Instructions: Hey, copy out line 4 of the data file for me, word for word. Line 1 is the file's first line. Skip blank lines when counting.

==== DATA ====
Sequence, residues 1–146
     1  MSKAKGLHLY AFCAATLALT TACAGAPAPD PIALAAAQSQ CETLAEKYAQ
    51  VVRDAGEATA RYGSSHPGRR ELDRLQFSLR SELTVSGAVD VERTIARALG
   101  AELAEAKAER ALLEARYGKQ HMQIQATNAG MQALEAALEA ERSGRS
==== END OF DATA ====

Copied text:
   101  AELAEAKAER ALLEARYGKQ HMQIQATNAG MQALEAALEA ERSGRS